Privacy advocates raise alarms about growing use of facial recognition by U.S. government

Let’s face it – facial recognition isn’t going anywhere.  Whether we realize it or not, most of use some type of facial technology software every day.  It’s being widely used in shopping, home security, and law enforcement, and millions of us use it constantly to open our smart phones.  But privacy advocates and civil libertarians are raising alarms about the growing use of facial recognition technology by the federal government under President Trump.

The Trump Administration recently proposed a rule to use facial recognition to identify and photograph all people entering and leaving the United States, including American citizens.  That idea was scrapped after big objections from lawmakers and activists, but the administration is moving ahead with more limited use of the technology in a number of airports and other ports of entry.  Officials say it makes the public safer and so far, they’ve had very few complaints from travelers.  Other agencies are also using it, including Customs and Border Protection, which is trying to beef up its technological response to the massive influx of illegal immigrants across the southern border. 

A growing number of critics, both in and out of the government, say any type of facial profiling and recognition amounts to illegal surveillance, a violation of the 4th amendment.  Most Democrats and a growing number of Republicans on Capitol Hill say it trades too much freedom for too little security, and folks we spoke to seem to agree.  Several noted that once the government has a database of Americans with their photographs, there’s no telling what it could be used for.  "You never know,” said one man, “10 years 20 years down the line, what that information might be used for."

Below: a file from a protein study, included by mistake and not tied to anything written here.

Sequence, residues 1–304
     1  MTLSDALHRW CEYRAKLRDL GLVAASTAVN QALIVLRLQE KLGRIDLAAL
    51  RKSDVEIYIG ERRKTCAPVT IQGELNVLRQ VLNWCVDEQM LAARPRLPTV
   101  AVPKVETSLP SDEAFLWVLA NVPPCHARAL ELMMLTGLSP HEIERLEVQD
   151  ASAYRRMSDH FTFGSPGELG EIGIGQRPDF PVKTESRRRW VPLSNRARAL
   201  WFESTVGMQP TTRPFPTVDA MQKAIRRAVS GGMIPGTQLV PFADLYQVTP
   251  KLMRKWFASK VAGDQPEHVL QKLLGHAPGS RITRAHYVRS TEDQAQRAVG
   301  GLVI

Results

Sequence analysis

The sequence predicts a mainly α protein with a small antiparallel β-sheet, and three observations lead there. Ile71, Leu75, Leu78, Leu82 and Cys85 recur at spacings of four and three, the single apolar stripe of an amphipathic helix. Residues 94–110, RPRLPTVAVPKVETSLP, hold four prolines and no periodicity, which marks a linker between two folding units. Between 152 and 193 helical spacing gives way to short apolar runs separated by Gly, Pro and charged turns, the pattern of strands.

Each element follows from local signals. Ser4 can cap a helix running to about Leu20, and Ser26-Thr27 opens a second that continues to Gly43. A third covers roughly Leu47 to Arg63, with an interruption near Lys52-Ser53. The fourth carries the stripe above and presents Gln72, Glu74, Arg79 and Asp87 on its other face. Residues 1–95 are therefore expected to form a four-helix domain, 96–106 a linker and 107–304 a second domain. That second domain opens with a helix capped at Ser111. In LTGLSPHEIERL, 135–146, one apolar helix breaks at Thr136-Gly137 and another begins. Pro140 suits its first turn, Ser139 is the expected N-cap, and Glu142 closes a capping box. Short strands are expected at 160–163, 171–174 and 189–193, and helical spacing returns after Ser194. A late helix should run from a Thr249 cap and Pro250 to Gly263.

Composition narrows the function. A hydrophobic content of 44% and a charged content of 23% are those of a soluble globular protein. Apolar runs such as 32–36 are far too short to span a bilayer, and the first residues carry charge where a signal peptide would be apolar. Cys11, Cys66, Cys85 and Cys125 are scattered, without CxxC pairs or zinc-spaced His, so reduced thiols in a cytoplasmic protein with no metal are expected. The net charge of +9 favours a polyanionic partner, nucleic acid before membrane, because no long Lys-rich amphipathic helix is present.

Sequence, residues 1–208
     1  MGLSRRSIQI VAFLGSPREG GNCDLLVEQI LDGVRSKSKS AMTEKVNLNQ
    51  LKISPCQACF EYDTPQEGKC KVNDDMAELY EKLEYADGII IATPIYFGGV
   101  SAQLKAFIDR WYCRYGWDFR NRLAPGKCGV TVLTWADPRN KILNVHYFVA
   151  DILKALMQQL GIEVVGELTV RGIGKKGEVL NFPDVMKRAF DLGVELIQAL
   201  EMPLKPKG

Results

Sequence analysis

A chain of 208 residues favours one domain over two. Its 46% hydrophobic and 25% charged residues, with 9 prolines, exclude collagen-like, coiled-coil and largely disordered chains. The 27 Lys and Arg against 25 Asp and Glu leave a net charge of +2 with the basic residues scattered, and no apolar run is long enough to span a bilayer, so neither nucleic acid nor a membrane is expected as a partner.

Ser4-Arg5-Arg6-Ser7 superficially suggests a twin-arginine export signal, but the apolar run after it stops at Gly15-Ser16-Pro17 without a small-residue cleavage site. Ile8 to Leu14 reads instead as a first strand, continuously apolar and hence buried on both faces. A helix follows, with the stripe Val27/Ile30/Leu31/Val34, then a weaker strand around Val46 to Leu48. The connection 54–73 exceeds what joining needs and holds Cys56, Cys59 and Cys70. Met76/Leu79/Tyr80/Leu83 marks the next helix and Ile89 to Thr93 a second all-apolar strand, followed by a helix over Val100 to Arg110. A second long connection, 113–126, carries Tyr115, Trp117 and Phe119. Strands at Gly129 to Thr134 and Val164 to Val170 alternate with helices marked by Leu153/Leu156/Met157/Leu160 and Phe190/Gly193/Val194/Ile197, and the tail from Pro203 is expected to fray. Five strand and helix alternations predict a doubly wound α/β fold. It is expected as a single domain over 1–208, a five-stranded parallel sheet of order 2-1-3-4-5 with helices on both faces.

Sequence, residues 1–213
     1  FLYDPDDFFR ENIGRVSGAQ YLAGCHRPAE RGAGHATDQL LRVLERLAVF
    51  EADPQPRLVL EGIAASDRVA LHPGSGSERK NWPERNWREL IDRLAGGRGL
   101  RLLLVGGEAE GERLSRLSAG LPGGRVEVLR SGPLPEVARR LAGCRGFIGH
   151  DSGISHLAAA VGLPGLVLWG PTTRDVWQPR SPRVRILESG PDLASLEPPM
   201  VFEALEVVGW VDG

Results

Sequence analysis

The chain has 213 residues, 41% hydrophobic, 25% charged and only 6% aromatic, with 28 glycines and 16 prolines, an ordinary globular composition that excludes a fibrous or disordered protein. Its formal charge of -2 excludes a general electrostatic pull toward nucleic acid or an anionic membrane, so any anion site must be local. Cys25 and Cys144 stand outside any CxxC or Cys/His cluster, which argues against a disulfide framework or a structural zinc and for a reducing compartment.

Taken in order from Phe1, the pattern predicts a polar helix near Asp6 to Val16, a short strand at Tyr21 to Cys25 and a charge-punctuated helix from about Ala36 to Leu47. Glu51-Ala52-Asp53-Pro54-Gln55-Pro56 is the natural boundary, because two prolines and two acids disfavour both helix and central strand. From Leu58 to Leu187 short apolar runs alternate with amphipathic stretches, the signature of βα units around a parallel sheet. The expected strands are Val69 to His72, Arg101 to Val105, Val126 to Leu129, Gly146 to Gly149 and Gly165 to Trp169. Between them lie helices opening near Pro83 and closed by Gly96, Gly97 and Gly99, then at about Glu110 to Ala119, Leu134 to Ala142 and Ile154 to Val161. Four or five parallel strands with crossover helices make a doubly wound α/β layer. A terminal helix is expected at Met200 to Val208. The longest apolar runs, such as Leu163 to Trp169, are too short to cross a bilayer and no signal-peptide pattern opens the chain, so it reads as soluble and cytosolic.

But others – including several security-focused lawmakers – say any new technology should be on the table when it comes to saving lives.  And some travelers we spoke to point out that there is no realistic expectation of privacy in public places. “If you’re at the airport, in public,” said one woman, “you’re going to be photographed no matter what, so I feel that it’s not a problem.”

Beyond the privacy concerns, security experts are also worried that a huge government database like the one being suggested could be a prime target for a data breach.  Some say it could give hackers access to biometric data from millions of Americans.  Mike Howell, a former oversight counsel with the Department of Homeland Security, says it’s all about finding the right balance with data collection, and suggests a possible remedy: simply delete the information when it’s done being used. “The big question for us,” says Howell, “is how D.H.S. and the government largely will protect this data?  We want the data we collect to keep us safe from threats, not to, you know, make it unsafe.”

Ultimately, Congress may have the final say on the future of facial recognition, with more legislation and regulation being proposed to keep it in check.  At the top of the agenda – a bipartisan bill introduced by Maryland Democratic Senator Chris Coons and Republican Mike Lee of Utah that would require federal agents to get a warrant before using facial recognition software in criminal investigations.